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  • Writer's pictureDr. Anthony Lilles

Epiphanies at Bethlehem, the Jordan, Cana and in our Lives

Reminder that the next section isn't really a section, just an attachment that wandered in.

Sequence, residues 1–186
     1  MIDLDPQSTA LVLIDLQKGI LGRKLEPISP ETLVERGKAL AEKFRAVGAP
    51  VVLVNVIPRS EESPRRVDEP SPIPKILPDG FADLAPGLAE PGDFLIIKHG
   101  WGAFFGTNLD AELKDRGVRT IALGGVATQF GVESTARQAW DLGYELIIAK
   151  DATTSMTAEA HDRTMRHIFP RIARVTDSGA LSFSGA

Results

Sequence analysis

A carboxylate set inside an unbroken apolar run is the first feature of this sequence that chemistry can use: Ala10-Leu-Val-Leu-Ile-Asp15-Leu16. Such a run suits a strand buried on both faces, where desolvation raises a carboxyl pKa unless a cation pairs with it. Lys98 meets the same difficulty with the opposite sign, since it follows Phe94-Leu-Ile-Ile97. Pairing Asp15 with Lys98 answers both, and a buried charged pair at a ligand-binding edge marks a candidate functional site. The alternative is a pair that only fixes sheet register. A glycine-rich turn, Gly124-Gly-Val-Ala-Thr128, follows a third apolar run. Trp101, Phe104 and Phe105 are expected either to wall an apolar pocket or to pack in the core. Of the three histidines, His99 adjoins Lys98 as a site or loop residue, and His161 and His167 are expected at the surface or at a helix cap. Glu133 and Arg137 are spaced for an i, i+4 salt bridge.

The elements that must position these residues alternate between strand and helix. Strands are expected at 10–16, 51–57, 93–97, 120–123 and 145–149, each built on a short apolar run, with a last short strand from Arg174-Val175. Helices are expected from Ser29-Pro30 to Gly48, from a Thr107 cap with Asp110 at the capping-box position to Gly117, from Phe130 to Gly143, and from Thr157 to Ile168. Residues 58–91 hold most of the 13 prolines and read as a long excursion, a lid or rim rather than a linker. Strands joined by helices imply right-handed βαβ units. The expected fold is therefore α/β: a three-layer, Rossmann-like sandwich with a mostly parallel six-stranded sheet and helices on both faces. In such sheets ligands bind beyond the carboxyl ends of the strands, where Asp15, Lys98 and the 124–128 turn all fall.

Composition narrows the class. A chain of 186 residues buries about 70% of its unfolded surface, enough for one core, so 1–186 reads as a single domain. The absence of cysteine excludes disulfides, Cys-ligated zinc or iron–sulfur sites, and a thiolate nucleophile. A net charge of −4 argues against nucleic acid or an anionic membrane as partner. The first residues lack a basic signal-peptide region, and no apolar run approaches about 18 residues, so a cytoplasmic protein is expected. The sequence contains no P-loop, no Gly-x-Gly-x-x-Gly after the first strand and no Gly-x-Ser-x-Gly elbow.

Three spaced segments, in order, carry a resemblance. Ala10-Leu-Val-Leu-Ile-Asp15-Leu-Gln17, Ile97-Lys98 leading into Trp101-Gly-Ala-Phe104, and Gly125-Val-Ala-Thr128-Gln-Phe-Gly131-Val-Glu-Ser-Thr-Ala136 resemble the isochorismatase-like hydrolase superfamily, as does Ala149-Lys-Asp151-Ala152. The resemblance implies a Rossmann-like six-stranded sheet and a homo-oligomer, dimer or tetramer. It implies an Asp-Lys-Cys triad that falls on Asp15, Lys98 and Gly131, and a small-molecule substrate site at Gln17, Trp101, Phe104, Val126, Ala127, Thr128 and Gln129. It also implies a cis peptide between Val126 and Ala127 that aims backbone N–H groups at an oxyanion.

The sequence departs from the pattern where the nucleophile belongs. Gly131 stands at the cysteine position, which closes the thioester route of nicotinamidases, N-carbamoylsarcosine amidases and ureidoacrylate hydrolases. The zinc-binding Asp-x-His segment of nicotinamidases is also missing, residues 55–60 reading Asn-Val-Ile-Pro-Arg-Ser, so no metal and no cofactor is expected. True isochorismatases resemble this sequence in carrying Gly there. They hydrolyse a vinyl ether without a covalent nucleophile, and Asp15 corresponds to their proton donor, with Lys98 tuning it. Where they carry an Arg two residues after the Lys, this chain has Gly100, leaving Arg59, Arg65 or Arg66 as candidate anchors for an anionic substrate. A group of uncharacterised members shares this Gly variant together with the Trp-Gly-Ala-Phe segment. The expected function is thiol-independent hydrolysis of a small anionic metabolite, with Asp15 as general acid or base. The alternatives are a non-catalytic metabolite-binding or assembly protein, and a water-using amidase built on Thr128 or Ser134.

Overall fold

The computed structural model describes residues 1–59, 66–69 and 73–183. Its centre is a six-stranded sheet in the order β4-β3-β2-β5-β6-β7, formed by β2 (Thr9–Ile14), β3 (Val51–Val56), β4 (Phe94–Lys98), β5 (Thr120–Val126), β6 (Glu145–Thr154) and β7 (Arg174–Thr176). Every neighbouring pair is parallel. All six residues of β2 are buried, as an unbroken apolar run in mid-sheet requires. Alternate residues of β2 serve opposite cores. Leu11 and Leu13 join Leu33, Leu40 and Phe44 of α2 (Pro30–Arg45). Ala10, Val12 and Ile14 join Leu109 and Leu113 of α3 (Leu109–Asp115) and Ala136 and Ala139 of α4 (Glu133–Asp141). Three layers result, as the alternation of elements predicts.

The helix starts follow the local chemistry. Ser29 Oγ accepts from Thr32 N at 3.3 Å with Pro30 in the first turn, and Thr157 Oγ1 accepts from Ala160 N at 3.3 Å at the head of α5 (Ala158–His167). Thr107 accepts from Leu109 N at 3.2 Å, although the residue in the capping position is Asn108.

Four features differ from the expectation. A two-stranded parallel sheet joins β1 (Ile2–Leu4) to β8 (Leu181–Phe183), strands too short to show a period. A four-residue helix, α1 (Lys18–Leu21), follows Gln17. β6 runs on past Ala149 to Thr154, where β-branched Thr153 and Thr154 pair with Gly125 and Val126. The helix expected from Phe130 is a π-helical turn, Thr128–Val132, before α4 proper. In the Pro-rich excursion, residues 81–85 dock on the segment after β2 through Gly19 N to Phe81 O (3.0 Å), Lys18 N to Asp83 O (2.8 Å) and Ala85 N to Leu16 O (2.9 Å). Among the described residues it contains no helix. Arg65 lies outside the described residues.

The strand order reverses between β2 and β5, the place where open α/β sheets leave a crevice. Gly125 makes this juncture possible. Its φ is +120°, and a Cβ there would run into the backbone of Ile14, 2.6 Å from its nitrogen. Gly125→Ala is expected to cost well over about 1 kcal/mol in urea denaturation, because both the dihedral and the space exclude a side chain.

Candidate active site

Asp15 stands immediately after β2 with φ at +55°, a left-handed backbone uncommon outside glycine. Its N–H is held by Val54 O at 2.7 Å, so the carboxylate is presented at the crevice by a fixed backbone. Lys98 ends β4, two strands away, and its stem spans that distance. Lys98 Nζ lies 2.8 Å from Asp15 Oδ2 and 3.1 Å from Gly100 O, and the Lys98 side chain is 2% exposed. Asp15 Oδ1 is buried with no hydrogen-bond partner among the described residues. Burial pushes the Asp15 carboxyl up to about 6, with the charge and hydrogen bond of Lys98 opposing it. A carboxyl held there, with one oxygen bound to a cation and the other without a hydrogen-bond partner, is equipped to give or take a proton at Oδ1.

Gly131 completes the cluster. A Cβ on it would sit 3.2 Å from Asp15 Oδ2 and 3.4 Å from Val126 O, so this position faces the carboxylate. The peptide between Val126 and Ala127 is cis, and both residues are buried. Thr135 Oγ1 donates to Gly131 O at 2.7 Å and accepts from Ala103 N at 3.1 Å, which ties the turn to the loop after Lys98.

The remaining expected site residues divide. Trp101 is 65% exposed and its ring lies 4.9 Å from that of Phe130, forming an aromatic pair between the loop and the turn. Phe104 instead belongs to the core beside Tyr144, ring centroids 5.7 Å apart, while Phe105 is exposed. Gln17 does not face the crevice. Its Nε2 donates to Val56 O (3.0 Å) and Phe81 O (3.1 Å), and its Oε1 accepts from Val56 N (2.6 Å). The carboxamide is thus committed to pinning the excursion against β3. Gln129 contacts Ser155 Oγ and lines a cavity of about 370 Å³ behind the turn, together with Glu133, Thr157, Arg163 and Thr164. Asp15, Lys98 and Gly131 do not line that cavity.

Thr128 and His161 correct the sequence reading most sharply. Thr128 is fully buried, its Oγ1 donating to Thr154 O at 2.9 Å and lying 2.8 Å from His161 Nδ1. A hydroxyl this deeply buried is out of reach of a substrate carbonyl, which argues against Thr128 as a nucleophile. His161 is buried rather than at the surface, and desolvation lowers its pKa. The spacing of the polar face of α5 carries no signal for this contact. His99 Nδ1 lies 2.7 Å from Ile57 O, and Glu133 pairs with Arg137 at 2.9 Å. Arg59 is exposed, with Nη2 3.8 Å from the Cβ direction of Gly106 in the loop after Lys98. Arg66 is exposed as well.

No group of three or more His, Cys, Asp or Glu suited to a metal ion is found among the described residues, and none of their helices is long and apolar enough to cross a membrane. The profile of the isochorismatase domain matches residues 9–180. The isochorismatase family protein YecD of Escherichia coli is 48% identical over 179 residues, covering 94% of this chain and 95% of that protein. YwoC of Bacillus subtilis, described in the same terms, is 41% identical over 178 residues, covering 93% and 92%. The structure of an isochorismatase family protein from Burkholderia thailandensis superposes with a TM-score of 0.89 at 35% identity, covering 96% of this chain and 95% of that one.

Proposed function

Epiphany evokes adoration and obedience. This is true whether we adore Christ with the Magi, enter into the Baptism of the Lord with John the Baptist, or obey the Lord with those servants who listened to the "Woman" who dared to approach the Lord. Each epiphany is a manifestation of glory, the unveiling of God's beautiful plan for humanity. Those who through obedience to His Word welcome this manifestation of love invite new astonished wonder into their lives—a mystery too great for this world to contain. Mysteriously, such greatness requires such humility. The only way to welcome the Word made flesh in all His glory, the only way to become obedient to this Word in a way that brings light to the world, is through the prayer of faith.